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What has gone wrong for Willson Contreras this season?

St. Louis Cardinals v Washington Nationals Photo by Greg Fiume/Getty Images

When the St. Louis Cardinals signed Willson Contreras in the offseason, big things were expected out of their prized acquisition. Not only was he taking the place of franchise icon Yadier Molina behind the dish, but he was also coming off of his third All Star season where he hit 22 homers and had an xwOBA of .364 which was in the 94th percentile in baseball. This season though he has struggled badly to the tune of a triple slash line of .201/.293/.355 with eight homers, certainly not what the Cards were expecting when they handed him $87,500,000 this offseason. So, what has gone wrong for the former Chicago Cub? Is it a case of bad luck, an adjustment in his stance, has he just regressed as a player or is it possible he is actually getting better?

Stats are as of June 20th.

Bad luck?

Yes and no. There has certainly been an element of bad luck to Contreras’ game this season. For the most part, his expected metrics are in line with where they have sat over the past couple of seasons as the chart below shows.

Willson Contreras expected metrics

Contreras 2023 2022 2021
Contreras 2023 2022 2021
xBA 0.25 0.256 0.24
xSLG 0.449 0.463 0.448
xwOBA 0.344 0.364 0.346
xwOBAcon 0.402 0.41 0.436

Has he regressed a bit in terms of his xwOBA on contact only? Yes, but when you look at the other numbers, they were largely in line with his 2021 numbers which is likely the hitter that he is, which is not a bad thing. In fact, some of the metrics this season are actually better or the same for Contreras this season compared to last year. His barrel rate of 6.8 percent is the same as it was in 2022, his average exit velocity is up 0.6 MPH to 91 MPH and his walk rate is at 10.2 percent, a one percent increase from 2022. None of those numbers are massive jumps by any means, but they do show us that in certain ways, Contreras is still similar to the hitter he was in his final year in Chicago.

Where has he improved?

Contreras is actually posting career numbers against off-speed pitches this season. Both his xwOBA of .353 and xSLG of .428 against breaking balls is the highest those two numbers have been in a non-covid shortened season since 2017. Additionally, the 25 percent whiff rate and .241 xBA he has against them are career bests in non-covid seasons. Whilst it is just one pitch type that he sees only 11.5 percent of the time, it is encouraging to see that he is still growing as a hitter at the age of 31.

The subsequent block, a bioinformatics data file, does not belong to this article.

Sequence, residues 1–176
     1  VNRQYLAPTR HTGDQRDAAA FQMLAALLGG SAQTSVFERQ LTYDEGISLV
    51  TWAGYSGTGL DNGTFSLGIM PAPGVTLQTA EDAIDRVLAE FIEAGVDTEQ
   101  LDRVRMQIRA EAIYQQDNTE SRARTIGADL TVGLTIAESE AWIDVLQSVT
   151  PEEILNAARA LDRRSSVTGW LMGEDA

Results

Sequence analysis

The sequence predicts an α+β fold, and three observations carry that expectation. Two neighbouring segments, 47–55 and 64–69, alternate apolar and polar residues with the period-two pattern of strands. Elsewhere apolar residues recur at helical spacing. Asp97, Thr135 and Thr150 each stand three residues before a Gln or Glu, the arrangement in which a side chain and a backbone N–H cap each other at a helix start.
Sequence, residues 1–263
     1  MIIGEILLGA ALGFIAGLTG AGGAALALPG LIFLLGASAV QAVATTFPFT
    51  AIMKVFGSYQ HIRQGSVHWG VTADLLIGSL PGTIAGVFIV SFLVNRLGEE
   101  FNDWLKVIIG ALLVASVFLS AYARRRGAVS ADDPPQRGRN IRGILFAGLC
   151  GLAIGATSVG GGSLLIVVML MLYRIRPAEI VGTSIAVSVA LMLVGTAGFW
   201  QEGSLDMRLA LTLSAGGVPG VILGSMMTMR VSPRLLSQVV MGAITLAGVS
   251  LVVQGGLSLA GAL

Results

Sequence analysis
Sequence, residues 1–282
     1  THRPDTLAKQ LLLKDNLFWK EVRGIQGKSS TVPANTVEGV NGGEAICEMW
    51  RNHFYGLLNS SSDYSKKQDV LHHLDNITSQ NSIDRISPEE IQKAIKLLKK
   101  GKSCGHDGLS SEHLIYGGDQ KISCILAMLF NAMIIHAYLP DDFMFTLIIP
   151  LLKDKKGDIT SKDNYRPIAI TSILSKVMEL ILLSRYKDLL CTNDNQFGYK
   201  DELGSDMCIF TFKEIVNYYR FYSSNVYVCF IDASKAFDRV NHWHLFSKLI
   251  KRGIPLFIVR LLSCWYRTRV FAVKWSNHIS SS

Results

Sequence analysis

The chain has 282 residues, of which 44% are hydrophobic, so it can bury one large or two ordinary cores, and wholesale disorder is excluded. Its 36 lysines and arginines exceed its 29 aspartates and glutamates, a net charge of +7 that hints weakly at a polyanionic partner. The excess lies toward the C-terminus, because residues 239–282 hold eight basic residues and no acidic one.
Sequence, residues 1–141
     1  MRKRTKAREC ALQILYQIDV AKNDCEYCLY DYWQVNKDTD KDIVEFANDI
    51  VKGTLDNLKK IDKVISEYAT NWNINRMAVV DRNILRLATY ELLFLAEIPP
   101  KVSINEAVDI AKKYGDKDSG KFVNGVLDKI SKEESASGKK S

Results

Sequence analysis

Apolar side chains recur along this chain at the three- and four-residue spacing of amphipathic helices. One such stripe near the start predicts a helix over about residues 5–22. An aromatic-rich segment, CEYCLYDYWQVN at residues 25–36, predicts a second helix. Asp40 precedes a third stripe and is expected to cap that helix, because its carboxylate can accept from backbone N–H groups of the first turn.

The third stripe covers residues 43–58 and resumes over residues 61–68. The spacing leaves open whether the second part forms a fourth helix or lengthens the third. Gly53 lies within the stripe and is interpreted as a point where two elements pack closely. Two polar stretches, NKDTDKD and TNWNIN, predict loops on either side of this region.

On top of his improvement against off-speed pitches, his whiff rate is the lowest it has been in his career at 27.3 percent and his zone contact is at a career high of 84.1 percent, the highest it has been by 5.2 percent. In addition to those two metrics, his chase contact rate of 51.9 percent is the highest it has been since 2019. All of which are encouraging numbers and lead us to believe that Contreras is not struggling to see the ball or anything like that at the moment.

Where has he regressed?

Despite all the good we just spoke about above, there has been some considerable areas of regression in Contreras’ game this season. His xwOBA of .351 and xSLG of .450 against fastballs are both the second lowest that he has posted in a single season.

His hard-hit rate (batted balls hit 95+MPH) of 44.5 percent is 4.1 percent lower than last year’s mark and is the lowest it has been since 2019.

When looking at his batted ball profile though one thing does seem to be evident though which is he is trying to work the ball in the air more. His pop-up rate has also seen a small spike going from 5.7 percent last season to 7.5 percent this season. Whilst 1.8 percent might not seem like a significant jump it is not worthy because pop ups are batted balls that carry just about zeroes across the board when it comes to expected metrics. As a result, the most pop ups a batter has the worse his metrics are going to look in the grand scene of things. In addition to that, his fly ball percentage of 26 percent is the highest it has been in his career and his under percentage of 23.1 percent is the second highest mark of his career and 6.6 percent higher than it was last season.

Is there a change in his swing?

One thing that I always like to look at when a player is struggling after changing teams is, is there a change to his stance and in the case of Contreras I do not see anything of significance.

If you wanted to nitpick maybe you could say that he is ever so slightly more closed off with his stance this year but there is nothing there that would lead me to believe it has been the reason, he has regressed.

Overall thoughts

Honestly, I think people, me included, expected too much of Contreras this season. Based on his career numbers prior to this season, 2022 was an outlier and it continues to be. He is showing himself to be more of the hitter he was in 2021 this season which by no means is a bad thing. Contreras despite some regression has been extremely unlucky this season as highlighted above and is still one of the better offensive catchers in the game. I think over the course of the season we will see Contreras return to the numbers he posted in 2021 which will certainly help a struggling Cardinals offense, but it will likely be too little too late in terms of saving their season.